A Coordinated Community Response
Ending violence against women and girls requires a whole society approach: a commitment from all of our communities, at all levels, to creating equality and enabling women and girls to fulfil their potential. VAWG causes inequality and upholds it at the same time. We want women and girls to be able to break down the barriers which hold them back, to fulfil their dreams, and to create a world in which abuse no longer happens. This might sound ambitious, but we wouldn’t be fighting for it if we didn’t believe it was possible.
There are myriad ways you can get involved in supporting women and fighting for equality. Your part to play might be as high level as commissioning services or developing policy, it might be raising awareness and funds, or it might be as simple as challenging a sexist joke or being there for someone the first time they talk about abuse. None of these things is small or insignificant. Changing the world needs all of us to take action, and we are all capable of doing something.
Change the response to survivors
The initial response a survivor receives when they first disclose abuse can have a huge impact on their confidence which in turn can hinder their ability to reach out and contact specialist services or the police. Victims of abuse experience, on average, 35 incidences of violence before they attempt to leave their situation. Survivors seek help, on average, 5 times before they receive effective support to end this abuse. Now, imagine if they received that support the very first time they reached out?
Some of our recent local research, backed up by UK-wide evidence, shows that when survivors start to talk about their experiences of abuse, they don’t always begin with authorities or specialist services. Often, they start with their communities. This means their friends, family, colleagues, or even their GP or health visitor. Influencing the way that communities respond to disclosures of abuse is absolutely crucial.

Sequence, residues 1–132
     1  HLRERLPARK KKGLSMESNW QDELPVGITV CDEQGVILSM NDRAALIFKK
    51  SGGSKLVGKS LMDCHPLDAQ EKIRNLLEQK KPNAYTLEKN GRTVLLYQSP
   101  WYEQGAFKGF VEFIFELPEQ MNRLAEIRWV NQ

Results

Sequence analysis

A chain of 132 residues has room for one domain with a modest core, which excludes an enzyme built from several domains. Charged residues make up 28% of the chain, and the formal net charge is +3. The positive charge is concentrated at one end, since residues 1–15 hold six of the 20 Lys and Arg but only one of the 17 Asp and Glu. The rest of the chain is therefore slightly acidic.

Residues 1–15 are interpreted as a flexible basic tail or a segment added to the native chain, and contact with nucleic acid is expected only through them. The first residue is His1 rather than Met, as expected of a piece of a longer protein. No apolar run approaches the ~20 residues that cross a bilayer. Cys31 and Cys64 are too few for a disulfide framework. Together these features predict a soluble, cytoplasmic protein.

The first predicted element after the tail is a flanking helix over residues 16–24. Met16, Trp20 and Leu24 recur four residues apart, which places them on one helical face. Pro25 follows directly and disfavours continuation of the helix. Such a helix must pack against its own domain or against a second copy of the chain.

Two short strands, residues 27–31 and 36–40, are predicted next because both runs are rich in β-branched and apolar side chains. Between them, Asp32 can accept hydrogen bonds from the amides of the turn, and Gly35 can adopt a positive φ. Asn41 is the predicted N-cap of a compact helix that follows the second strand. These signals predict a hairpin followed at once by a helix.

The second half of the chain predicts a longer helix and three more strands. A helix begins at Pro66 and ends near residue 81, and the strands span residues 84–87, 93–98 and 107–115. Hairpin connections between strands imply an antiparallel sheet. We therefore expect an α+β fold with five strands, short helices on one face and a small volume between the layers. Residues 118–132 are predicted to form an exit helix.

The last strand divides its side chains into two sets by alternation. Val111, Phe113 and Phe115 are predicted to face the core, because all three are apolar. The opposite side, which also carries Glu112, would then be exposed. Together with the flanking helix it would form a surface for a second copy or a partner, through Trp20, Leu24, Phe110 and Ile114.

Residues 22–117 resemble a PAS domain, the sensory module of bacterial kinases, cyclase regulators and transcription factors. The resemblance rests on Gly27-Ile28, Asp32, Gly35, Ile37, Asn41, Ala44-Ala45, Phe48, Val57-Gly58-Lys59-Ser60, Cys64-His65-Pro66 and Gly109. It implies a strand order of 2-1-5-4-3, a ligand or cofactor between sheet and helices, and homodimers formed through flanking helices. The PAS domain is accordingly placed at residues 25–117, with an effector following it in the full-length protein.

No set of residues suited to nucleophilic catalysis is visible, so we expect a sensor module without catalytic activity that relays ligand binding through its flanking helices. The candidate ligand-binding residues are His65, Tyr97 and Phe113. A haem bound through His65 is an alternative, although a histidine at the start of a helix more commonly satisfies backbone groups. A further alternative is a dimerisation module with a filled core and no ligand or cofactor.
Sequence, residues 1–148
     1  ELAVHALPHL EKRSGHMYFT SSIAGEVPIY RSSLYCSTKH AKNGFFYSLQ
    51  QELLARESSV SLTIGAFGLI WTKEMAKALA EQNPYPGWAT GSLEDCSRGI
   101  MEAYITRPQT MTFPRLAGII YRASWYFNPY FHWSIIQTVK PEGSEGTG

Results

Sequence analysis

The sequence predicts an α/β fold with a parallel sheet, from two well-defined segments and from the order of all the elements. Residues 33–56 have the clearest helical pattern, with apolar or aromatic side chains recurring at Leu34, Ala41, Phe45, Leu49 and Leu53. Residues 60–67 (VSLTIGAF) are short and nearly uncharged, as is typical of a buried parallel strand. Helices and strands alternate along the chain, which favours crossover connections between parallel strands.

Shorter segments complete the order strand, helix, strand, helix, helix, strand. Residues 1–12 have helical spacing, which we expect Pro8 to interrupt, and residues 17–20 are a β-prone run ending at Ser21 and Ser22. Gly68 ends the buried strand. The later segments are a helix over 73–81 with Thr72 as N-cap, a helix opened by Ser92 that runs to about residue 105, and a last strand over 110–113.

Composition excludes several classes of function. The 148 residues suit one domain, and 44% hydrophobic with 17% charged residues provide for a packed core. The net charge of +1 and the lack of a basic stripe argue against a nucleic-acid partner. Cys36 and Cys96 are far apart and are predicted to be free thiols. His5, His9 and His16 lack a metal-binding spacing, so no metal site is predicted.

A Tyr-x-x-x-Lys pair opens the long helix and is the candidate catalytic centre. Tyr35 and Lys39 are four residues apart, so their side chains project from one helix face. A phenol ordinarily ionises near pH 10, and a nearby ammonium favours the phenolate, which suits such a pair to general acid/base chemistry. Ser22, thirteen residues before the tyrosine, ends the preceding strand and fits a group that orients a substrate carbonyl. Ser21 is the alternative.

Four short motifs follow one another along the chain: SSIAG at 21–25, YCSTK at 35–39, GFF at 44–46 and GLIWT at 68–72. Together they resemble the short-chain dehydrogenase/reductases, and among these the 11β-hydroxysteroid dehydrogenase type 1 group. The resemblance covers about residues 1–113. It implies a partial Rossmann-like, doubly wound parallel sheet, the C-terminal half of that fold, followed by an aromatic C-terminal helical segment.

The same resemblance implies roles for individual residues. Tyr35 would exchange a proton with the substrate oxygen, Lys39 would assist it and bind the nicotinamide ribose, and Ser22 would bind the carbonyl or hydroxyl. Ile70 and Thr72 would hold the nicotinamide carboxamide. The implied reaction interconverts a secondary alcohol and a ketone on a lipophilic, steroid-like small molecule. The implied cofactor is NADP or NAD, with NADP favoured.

We work with partners to ensure the maximum reach of our campaigns and initiatives. One example of partnership community activism includes our work with Welsh Women’s Aid on the Ask Me ambassador program, which trains community members to understand VAWG. Ambassadors teach communities how to break the silence and challenge damaging myths and stereotypes, as well as signposting survivors towards effective support. Cardiff Women's Aid are associated providers of Welsh Women's Aid's Bystander Intervention training. We also work with partner campaigns such as Everyone’s Business, No More and White Ribbon to work in various communities.
Change the incidence of abuse
While we emphasise the importance of changing society’s response to disclosures of abuse, reducing the incidence of abuse is the other side of the coin. They are fundamentally linked - when VAWG has a higher profile and general society is more on the lookout for signs and is better able to challenge and intervene effectively, then abuse will be reduced.
The work we do with survivors helps them to understand the early warning signs of abuse and to develop their own boundaries. This prompts better recognition where a relationship may become problematic. We also work with children and young people to support them through the experiences of abuse, and to divert them from following similar pathways. Our work with community groups and skill development, volunteer campaign groups, lobbying, and research are all also geared towards these twin goals.